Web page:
#028 – Staying True to Yourself with Erin Hensley | Fearless and Framed

#028 – Staying True to Yourself with Erin Hensley

A Facebook post by Erin’s Hensley sparked this episode (shown below). I brought Erin on to go deeper into her message. We don’t all experience the same things and I recognize that. Still, I know I’ve gone down the rabbit hole! 🙂

If you’ve really wanted to be featured or published, and it’s been a part of your flow: you shoot, get your stuff on your computer to polish, and go: “ok where can I submit this?” It’s part of your process. Or, you may not have ever recognized this: if you’ve felt influenced when you open up your laptop or cell phone when you see work of other photographers – a blend of conscious and sub-consciously you think things like:

  • I should try to shoot more like that / more in that light / in that location
  • I love how CLOSE these images are or how that photographer really pulled back

So then, you go out and try to shoot more like that rather than from your true self, then this episode is for you.

In this IDP ep, we cover:

  • what sparked Erin’s FB post
  • my story in running “The Photo Factory”
  • Criticism, comparison, and influence
  • The power of DOING vs. seeking information
  • Being on the OTHER side of the limelight
  • and more!

Enjoy the story.

Erin’s Iconic Photo: 

Documentary Family Photography

[jump to 34:01 for the full story]

“I took this one on a random hike last year. There’s a few reasons.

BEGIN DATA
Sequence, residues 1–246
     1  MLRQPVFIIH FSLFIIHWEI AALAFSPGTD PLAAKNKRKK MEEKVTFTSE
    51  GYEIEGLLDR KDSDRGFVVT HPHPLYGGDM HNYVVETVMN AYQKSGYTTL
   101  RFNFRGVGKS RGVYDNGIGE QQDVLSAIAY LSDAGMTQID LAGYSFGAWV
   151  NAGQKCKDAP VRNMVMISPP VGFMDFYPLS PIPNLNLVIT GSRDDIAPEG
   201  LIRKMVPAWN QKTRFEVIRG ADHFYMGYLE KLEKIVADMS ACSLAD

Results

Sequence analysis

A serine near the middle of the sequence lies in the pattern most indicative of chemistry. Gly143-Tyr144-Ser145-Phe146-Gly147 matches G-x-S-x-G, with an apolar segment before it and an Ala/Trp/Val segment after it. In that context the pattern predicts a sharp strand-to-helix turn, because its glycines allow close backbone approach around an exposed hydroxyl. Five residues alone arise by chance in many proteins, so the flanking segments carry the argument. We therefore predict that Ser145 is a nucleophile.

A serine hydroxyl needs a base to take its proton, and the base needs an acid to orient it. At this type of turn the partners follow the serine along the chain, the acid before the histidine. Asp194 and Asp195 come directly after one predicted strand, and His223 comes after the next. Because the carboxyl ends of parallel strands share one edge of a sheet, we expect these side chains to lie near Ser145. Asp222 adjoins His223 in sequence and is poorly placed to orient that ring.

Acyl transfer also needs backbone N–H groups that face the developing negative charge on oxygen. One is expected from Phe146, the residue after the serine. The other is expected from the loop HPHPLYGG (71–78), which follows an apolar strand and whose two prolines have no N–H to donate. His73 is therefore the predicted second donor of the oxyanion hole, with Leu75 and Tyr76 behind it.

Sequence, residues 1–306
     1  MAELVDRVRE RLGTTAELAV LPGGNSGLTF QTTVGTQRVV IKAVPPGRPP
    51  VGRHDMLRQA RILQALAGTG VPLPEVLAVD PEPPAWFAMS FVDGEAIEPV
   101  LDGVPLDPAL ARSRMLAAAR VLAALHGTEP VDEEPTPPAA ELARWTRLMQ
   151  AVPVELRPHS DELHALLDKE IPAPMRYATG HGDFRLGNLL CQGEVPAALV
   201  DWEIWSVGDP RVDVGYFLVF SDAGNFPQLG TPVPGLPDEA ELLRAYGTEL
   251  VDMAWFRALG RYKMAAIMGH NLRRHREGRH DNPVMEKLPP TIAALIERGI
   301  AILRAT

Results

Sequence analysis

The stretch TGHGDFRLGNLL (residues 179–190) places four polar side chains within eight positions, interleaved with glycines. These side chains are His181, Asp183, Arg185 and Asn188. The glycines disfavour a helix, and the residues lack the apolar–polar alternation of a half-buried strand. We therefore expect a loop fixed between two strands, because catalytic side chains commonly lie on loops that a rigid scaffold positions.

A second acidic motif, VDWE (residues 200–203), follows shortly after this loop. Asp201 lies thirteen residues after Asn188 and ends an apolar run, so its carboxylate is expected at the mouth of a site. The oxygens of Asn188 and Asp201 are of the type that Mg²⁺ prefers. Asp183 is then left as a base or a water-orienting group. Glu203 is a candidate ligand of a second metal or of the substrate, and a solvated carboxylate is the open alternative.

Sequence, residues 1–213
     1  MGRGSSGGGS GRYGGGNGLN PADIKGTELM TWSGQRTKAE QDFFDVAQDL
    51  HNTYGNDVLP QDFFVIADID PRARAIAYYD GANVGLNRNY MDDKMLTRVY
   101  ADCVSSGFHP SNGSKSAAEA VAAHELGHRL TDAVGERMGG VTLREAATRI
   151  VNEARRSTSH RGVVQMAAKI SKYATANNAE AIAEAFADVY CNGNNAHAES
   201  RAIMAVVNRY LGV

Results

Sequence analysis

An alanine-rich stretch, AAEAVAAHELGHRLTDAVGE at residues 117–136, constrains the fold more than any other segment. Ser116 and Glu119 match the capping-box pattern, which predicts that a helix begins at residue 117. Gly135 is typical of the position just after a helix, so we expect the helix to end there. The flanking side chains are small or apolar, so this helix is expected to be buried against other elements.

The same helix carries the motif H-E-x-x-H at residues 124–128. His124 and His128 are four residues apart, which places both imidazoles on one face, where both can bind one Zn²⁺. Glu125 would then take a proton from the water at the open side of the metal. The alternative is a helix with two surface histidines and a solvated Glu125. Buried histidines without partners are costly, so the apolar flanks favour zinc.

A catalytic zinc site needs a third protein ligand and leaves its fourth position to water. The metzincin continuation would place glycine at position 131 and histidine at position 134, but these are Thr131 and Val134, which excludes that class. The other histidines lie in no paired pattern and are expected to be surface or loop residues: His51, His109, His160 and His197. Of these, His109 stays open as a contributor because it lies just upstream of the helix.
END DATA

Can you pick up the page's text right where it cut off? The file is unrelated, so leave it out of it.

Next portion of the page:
First, it was a random, last minute decision to take my kids out on a hike – to get out of the house and see what happens. A lot of times when we do that, that’s when I get my favorite pictures – when it’s just an impromptu trip that we take. Things just happen that I’m like, “Wow this is amazing – I’m so glad we came, I’m so glad I brought my camera.” And it’s always a good reminder TO get out more often.

Then, the fact that it’s free lensed – that’s been a huge part of my work. Then, being black and white. I’ve always had a soft spot for black and white imagery.

So, the way those 3 came together in this photo and also the fact that if someone were to critique the image, they’d probably say something about the composition not being ideal. So, I feel like that’s another reason I love it, because I tend to rebel against stuff like that and I like it anyway.

When I took the picture – the tree that drew me to the spot – sometimes when that happens, I’ll encourage one of my kids – whichever one is the in the best mood usually – to go play in this certain area. So, that’s what I did there.

It’s just been a favorite since I took it.”

More goodness:

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028 Intentional Documentary podcast for documentary photographers

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